is configured would presumably be a simple ordered Receive Queue.
    Shared Buffer Pools place buffers in a pool, but assign credits on
    a per stream basis. If an MSN exceeds the range implied by the credits
    it is rejected as invalid whether there is a buffer available or not.
    iSER seems to call for the ability to pool credits across all streams
    in a session. But it would not necessarily be the same set of streams
    that you would want to share buffers over. There could be advantages
    of pooling buffers between sessions, while still tracking credits on
    a per session basis.
    In any event, these are all *local* questions. The only *wire* question
    is whether the Data Source can know whether or not it is legal for it
    to send a given untagged message.
    Stating that for message types "x" it is legal as long as the Data
    Source thinks it has a reason to send "x" is NOT flow control.
    For each of the "exceptional" types, what is required that a rule be
    derived on how many of them can be outstanding, and how the sender
    knows when they are no longer outstanding.
    If, as claimed, it is a trivial matter for the Data Sink to make
    these calculations, then it should be easy to enumerate these rules.
    > The iSER design team thus believed that most storage implementations
    > will use buffer pools to deal with this reality (as they have always
    > been), and the rare "fringe" opcode types mentioned above could
    > easily be dealt with in the statistical provisioning scheme of things,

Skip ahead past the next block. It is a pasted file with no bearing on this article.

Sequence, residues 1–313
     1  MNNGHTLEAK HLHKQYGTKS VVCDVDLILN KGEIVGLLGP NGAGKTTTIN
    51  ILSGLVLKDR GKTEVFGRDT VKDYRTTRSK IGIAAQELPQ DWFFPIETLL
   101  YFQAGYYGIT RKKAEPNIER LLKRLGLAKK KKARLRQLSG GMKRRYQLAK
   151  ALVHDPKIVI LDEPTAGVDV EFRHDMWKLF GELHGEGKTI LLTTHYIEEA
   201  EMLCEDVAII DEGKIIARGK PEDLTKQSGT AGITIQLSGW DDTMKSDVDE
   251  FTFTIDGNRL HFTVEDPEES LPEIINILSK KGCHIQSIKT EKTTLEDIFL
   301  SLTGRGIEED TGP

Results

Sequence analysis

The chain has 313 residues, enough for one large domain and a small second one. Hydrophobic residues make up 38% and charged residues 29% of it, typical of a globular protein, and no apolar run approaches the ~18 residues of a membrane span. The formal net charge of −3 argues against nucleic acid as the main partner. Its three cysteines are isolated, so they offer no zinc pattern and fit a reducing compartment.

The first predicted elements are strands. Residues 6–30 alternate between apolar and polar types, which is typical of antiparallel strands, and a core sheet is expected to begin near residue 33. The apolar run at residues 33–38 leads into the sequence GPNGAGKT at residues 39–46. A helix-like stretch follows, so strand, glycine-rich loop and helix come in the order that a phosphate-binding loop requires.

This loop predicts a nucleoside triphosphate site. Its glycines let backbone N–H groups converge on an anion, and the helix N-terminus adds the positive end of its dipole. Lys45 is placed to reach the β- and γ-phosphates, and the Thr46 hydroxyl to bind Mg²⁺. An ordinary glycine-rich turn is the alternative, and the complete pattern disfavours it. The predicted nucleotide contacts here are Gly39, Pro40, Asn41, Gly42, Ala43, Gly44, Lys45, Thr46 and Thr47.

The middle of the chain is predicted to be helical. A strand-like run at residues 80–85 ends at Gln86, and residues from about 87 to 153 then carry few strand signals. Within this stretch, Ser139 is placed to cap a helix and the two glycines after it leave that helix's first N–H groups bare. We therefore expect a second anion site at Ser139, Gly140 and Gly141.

> being
    > so rare and infrequent.
    It is totally incorrect for an Upper Layer Protocol to be designed with
    presumptions as to implementation of the lower layers. If you believe
    buffer pools are required for the correct functioning of an application
    using iWARP then you should be arguing for that change to iWARP.
    Otherwise, the Upper Layer Protocol must be defined so as to rely upon
    the published protocol and nothing else.
    iWARP requires the ULP to take responsibility for flow control of
    untagged messages. Period.
    > Despite this belief (in fact, even before we are convinced of this 
    > approach),
    > we did a diligent analysis of a Send Message flow control protocol for 
    > iSER
    > - the ultimate conclusion was that it's way too much overhead to run 
    > this
    > protocol, it's slow-to-respond to changing I/O loads, reclaiming of 
    > credits
    > is a burdensome process, requires RTT delays to announce new credits 
    > etc.
    That is based upon the assumption that iSER flow control requires
    iSER flow control messages. This is not a requirement. A requirement
    that the Data Source MUST NOT submit more than one connection 
    notice upon any given connection would fully flow control that type of
    message -- with no wire protocol messages being exchanged.
    > I believe the approach adopted in the current iSER draft is 
    > appropriate,
    > we do however need to polish the flow control discussion to include
    > some of the design rationale.
    Rationale are not constraints upon the sender of untagged
    messages. Flow *control*, by definition, is a constraint on the
    sender. The constraint does not have to take the form of dynamically
    exchanged messages, or even per-session negotiated limits. But it
    does require that a limit be unambiguously identified.
    Otherwise it is not flow *control*.
    Again, this has nothing to do with how many buffers the Data Sink
    must provision and when. Dynamic binding of buffers is a totally
    valid strategy, especially if the Data Sink has "low water mark"
    warnings and processes responsible for responding to those alarms
    to restock the buffer pool.
    The point is that failure to provide true flow control *requires*
    that *all* implementations build such an infrastructure. It is
    taking a feature that is desirable for high volume servers and
    making it a de facto requirement for *all* servers. Even those
    who only intend to support a single client.
    Caitlin Bestler - -


Last updated: Tue Aug 05 12:46:08 2003